Neighborly SportOn any given afternoon, there are a variety of age groups represented on the disc golf course. Families play together, and it's not uncommon to see a stroller sitting next to a tee-box as someone hurls a disc down the fairway. Scott Davis of Memphis, the 1998 Arkansas State Disc Golf Champion, has also seen the older generation embrace the game. "Plenty of senior citizens play with their grandkids," he says. "It's a sport for all ages."
An added incentive for many is the low-impact cardiovascular exercise provided by walking the course and throwing the disc. "A lot of people enjoy throwing a frisbee," says Bill Trousdale, a former PDGA mid-region representative. "It's relaxing. It's nice to get out in the park and commune with nature. It's a good stress reliever after work to bang a few trees. It's a good competitive sport, but you don't bleed."
Thirteen-year-old Spencer Trousdale is playing in his first tournament though he's been playing since he was a toddler with his dad, Bill. He only knows of one other schoolmate who plays disc golf, but he's hooked on the game.
"A lot of people, especially teenagers, haven't heard of disc golf, or have heard of it and think it's a wussy sport, but it's not," Spencer says. "It takes a lot more skill to play disc golf than to play football."
Accidents HappenSome minor injuries occur: sore arms from throwing too hard, calloused fingers from disc edges, and busted bark on trees in the middle of the fairway. Once in a blue moon, the injuries are worse. Chris Dentry broke his leg and twisted his ankle at a Memphis tournament when he stepped off the tee pad wrong.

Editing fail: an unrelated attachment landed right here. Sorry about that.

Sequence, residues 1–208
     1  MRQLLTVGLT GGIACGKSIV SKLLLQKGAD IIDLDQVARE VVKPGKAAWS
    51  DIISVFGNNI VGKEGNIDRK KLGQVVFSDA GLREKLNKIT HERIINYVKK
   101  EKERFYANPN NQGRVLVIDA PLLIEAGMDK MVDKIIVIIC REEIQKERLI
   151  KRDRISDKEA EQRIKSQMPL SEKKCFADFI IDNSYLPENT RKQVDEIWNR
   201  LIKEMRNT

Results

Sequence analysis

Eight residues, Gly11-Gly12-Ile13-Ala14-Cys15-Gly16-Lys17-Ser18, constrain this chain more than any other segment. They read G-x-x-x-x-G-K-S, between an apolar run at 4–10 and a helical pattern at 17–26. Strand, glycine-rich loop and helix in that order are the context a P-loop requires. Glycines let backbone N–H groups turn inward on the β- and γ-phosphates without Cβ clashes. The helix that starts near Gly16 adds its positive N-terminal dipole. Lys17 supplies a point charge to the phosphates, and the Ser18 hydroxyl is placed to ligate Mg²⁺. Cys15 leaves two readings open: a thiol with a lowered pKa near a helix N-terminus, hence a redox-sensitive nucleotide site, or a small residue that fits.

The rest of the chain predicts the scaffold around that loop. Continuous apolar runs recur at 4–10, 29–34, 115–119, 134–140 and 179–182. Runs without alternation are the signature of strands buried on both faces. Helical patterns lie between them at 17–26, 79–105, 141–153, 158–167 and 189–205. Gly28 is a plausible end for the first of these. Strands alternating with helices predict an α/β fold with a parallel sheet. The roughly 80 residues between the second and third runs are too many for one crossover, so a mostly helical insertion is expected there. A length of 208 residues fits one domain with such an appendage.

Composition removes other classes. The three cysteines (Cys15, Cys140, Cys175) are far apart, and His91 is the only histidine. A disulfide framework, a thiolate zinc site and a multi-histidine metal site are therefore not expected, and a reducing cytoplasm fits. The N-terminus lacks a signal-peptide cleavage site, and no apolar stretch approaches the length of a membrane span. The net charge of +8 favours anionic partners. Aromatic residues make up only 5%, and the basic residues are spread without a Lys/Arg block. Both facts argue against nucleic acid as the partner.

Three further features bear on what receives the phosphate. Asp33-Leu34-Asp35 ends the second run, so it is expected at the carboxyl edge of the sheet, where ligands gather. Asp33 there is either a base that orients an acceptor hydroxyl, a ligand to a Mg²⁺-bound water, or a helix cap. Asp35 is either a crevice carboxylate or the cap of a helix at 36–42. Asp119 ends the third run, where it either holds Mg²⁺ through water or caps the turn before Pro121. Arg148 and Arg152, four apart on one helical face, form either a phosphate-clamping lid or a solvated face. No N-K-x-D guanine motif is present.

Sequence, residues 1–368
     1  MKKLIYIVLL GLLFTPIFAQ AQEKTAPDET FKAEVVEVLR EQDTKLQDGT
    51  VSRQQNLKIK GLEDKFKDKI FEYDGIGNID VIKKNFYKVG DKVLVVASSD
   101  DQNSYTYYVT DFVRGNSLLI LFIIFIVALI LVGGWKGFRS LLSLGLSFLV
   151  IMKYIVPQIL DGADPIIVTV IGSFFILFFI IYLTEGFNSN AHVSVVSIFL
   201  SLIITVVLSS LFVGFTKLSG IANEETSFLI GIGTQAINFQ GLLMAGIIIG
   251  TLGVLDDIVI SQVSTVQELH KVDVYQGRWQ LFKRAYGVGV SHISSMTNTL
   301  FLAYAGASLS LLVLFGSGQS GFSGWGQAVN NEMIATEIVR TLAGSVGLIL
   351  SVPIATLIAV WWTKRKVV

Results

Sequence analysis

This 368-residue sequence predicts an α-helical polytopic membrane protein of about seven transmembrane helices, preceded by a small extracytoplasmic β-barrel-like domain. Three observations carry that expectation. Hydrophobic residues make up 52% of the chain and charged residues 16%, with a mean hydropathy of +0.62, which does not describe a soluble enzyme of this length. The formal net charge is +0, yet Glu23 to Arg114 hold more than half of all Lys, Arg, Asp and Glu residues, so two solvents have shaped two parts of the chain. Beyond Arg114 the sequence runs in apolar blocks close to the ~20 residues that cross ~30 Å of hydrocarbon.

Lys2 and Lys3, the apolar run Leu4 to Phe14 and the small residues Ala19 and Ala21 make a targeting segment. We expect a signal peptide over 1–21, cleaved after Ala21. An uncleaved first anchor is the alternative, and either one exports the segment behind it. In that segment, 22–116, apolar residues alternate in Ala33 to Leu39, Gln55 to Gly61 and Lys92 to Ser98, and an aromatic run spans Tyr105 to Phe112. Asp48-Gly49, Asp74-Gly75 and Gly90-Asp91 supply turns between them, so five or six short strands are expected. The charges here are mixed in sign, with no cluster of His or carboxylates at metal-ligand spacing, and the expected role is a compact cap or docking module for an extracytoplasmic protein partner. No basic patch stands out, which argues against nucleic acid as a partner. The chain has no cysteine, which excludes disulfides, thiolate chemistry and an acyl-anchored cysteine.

Kleminsky stopped playing to take Dentry to the hospital. The Arkansas Disc Golf Association named their sportsmanship trophy after him for his actions. Though Dentry was hurt, it hasn't deterred him. "It was a freak accident," Dentry says. "It's not going to stop me from continuing (to play disc golf)."
Boon for ParksDisc golf courses are becoming a staple in many Southern parks. Mississippi has installed 13 disc golf courses in their state parks within the last two years, after initially installing a 9-hole course at Hattiesberg's Paul B. Johnson State Park in 1997. Once people began showing up to play, the course was expanded to 18 holes.
Orum's shock is understandable. When Terry Rester and Orum began running Mobile's Halloween Howler in 1988, 25 people came to the tournament. Yet this year's 12th version of the same event brought 161 people who played in nasty weather.
Tournaments in the winter months bring people into the parks during the off-season and help parks book cabins. "It's a financial bonanza to them," Shaw says. "It doesn't cost much to put disc golf in.
An 18-hole disc golf course costs less ($10,000) than one lighted tennis court ($20,000) or a skate board track ($50,000), and more people play on it. Maintenance costs are minimal. The steel baskets are rugged, and most courses require only an occasional mowing. Some parks provide a pro shop selling golfing discs, bags and T-shirts - an incentive for parks facing budget cuts.
Disc-Time AnytimeMost professional disc players enjoy taking time to explain the game and help newcomers with tips on driving and putting. After such a session, many amateurs are ready to compete. However, you don't have to play in a tournament to get out and play.
"Size doesn't matter. Age doesn't matter," says Orum.
Nor does gender, as Lori Mezger will tell you. "We don't exclude anybody, anybody can play," she says.
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Copyright © The Southerner 1999.